|Can cooling down the inflammation make your belly grow!?|
Findings like these don't just conflict with common sense, they are also in opposition to the still prominent free radical theory of aging and it's central message: Oxidation and inflammation are bad for you! No matter what!
Too little is just as bad as too much
Most of you will remember one of my previous articles on (mito-)hormesis - if if that's not the case, I'd recommend you start with the "Inflammation is a True Fat Burner" article (read it!), because it (a) contains a lot of links and references to previous articles and (b) discusses a topic that is directly related to the study at hand. Whence you've refreshed your memories, you should actually be able to tell that it may not be a total idiotic undertaking to ...
"[...] evaluate the long-term consequences of TNFα-inhibitors on body composition, especially on the android/visceral region, in patients with RA [rheumatoid arthritis] or AS [ankylosing spondylitis]." (Toussirot. 2013)Ok, rheumatoid arthritis and ankylosing spondylitis, that's not you. I understand that, but it's neither a rodent nor a nematode study and despite the fact that the patients in the study suffer from chronic inflammation the data Toussirot et al. collected can provide us with a glimpse on what could happen to any of us, if we subscribe to the "the-less-inflammation-the-better" hypothesis and consume high amounts of drugs or natural substances to suppress cachexin (aka TNF-alpha), of which the corresponding Wikepedia entry tells you that it is "an adipokine involved in systemic inflammation and is a member of a group of cytokines that stimulate the acute phase reaction." (wikipedia)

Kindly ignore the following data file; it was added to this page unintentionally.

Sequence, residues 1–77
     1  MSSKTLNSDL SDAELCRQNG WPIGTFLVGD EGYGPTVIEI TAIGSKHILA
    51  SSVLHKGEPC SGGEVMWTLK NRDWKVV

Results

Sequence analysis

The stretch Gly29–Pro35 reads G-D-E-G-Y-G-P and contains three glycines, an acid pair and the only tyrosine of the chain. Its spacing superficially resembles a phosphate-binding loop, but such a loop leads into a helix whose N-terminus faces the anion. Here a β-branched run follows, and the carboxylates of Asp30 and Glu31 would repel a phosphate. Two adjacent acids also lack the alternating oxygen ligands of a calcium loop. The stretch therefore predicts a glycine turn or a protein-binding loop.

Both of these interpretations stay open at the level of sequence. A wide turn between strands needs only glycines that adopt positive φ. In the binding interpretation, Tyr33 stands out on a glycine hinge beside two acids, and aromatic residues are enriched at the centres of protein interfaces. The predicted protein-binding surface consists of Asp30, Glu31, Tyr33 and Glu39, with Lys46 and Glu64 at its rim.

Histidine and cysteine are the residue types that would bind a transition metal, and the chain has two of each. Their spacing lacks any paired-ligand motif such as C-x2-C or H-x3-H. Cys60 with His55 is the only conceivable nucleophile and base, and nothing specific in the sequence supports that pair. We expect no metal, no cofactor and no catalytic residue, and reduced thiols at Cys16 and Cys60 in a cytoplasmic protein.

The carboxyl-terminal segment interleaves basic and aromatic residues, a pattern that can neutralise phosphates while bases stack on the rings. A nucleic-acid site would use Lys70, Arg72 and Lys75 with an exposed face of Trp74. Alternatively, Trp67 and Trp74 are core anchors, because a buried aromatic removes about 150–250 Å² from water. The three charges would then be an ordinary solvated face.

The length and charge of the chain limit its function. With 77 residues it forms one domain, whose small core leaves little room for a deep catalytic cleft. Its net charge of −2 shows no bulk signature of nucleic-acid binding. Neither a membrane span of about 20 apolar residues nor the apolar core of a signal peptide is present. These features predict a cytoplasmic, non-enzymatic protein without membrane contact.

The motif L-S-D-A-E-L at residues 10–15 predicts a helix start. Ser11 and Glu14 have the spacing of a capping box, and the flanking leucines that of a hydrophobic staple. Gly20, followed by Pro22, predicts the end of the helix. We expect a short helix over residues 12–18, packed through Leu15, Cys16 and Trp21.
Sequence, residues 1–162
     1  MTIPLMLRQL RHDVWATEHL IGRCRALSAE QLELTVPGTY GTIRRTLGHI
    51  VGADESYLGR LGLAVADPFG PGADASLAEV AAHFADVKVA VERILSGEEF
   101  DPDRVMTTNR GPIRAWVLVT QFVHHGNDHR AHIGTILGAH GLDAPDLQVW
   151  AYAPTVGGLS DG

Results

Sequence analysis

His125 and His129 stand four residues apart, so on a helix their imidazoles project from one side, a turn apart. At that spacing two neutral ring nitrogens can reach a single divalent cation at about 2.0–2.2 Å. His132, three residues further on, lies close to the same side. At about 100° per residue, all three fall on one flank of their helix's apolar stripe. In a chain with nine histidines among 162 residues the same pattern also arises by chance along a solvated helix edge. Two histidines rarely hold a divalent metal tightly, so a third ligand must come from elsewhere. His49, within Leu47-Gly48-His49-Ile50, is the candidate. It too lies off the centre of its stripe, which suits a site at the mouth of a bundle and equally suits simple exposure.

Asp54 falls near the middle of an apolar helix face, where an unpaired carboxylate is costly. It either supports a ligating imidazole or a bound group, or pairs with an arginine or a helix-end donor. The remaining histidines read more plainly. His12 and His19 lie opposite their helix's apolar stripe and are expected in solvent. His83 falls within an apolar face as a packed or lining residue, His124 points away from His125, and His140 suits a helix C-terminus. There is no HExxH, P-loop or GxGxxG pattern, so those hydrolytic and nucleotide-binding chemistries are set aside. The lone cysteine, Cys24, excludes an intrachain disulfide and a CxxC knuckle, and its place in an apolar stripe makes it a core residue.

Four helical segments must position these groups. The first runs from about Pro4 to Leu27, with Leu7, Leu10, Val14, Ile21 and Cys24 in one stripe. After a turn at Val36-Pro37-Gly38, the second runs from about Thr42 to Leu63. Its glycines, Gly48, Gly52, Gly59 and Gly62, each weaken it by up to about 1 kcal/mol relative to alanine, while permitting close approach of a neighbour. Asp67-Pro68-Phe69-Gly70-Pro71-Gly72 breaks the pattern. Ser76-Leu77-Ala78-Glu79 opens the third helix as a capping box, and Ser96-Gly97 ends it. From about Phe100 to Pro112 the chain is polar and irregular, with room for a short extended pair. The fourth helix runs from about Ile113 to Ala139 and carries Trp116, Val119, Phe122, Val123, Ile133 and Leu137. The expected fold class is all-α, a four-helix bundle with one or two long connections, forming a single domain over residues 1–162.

|Figure 1: Markers of inflammation, health and joint function after 24 months treatment in rheumatoid arthritis (RA) and ankylosing spondylitis (AS) patients (Toussirot. 2013)|
Weight gain right due to the absence of inflammation?!
Contrary to the previous post on IL-6 we are not dealing with muscle hypertrophy, here. The thing that's growing is the belly - the android fat mass, visceral fat and total BMI of the study participants in both groups and and additional significant increase in total (subcutaneous + visceral) fat mass in the ankylosing spondylitis patients (see Figure 2).
|Figure 2: Changes in body composition after 24 months (Toussirot. 2013)|
"[...] a significant increase inbody weight (+1.9 %; p=0.003), body mass index (+2.5 %; p=0.004), total fat mass (+11.1 %; p=0.007), and fat in the android region (+18.3 %; p=0.02) [...]" (Toussirot. 2013)... when they calculated the mean changes in body composition for both groups. In this context, it's probably worth mentioning that the success of a few outliers who managed to keep the visceral fat off, masquerades the "substantial, albeit nonsignificant" (Toussirot. 2013) +24.3% increases in visceral fat and thus diabetes and cardiovascular disease risk among the rest of the study participants.
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